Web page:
Saturday, November 3, 2018

Racist Ads and Mid-Term Elections: Who Will Win?

You may recall that current Senate Majority Leader Mitch McConnell seethed with rage when during the period that McConnell was Senate Minority Leader, Democrats got rid of the filibuster for confirming most federal judges. McConnell coldly promised that Democrats would regret that decision a lot sooner than they thought. 

He was right about that. In a tit for tat exercise once Republicans had majority status in the Senate again they eliminated the filibuster for Supreme Court justices. McConnell also predicted that Republicans would put Kavanaugh on the Supreme Court despite solid Democratic opposition. He was right about that as well.  McConnell said that the Democratic approach to Kavanaugh backfired and helped to unify and inspire Republicans. 

“The tactics that were used completely backfired,” said Mr. McConnell. “Harassing members at their homes, crowding the halls with people acting horribly, the effort to humiliate us really helped me unify my conference. So I want to thank these clowns for all the help they provided.”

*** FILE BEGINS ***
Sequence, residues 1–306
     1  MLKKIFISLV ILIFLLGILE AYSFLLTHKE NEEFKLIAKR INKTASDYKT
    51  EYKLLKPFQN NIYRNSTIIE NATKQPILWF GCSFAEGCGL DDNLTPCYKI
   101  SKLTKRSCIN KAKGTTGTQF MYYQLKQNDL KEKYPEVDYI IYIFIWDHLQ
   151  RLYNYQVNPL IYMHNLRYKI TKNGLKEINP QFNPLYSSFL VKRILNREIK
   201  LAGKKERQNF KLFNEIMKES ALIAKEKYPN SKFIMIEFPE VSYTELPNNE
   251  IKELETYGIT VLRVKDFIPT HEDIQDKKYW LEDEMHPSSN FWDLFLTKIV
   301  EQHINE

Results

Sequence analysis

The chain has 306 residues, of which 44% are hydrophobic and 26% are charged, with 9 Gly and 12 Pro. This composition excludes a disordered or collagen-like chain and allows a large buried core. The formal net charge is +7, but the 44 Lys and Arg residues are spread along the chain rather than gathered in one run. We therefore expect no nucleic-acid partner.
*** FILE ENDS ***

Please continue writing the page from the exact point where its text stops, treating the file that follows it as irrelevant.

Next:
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Rage and fear work well to motivate and unify conservatives and many Republicans. It's why despite the economy doing well by many standards, Republicans in general and Trump in particular aren't making political appeals based on positivity, optimism and economic well being. Instead they are making appeals on racial national solidarity and fear that THOSE people are gonna come get you. The latest Republican created Trump tweeted ad before Tuesday's election goes all in on this fear. 



It remains to be seen if this approach will work or not. I know that it will definitely appeal to some voters in some areas. But to enough of them? I don't know. Right now my best guess is that the Republicans keep the Senate and lose the House. But who really knows. 

The 2016 election results should have shown everyone that predictions are a mug's game. It also should have shown people that illegal immigration is a major, though not primary motivation for Republican voters. The thing that Democrats have going for them in 2018 is that even Republican voters don't want to get rid of ObamaCare or at least its most popular parts. Republican politicians who once boasted of wanting to pull up ObamaCare root and stem are now clamoring to protect pre-existing condition requirements even as many of them have voted to get rid of such protections. So it goes.

Anyway after Tuesday we should have a better idea of whether this ad spoke to enough Americans or not. What wins? Fear of the other or fear of losing health coverage? Or maybe it's fear that the other will take your health coverage?


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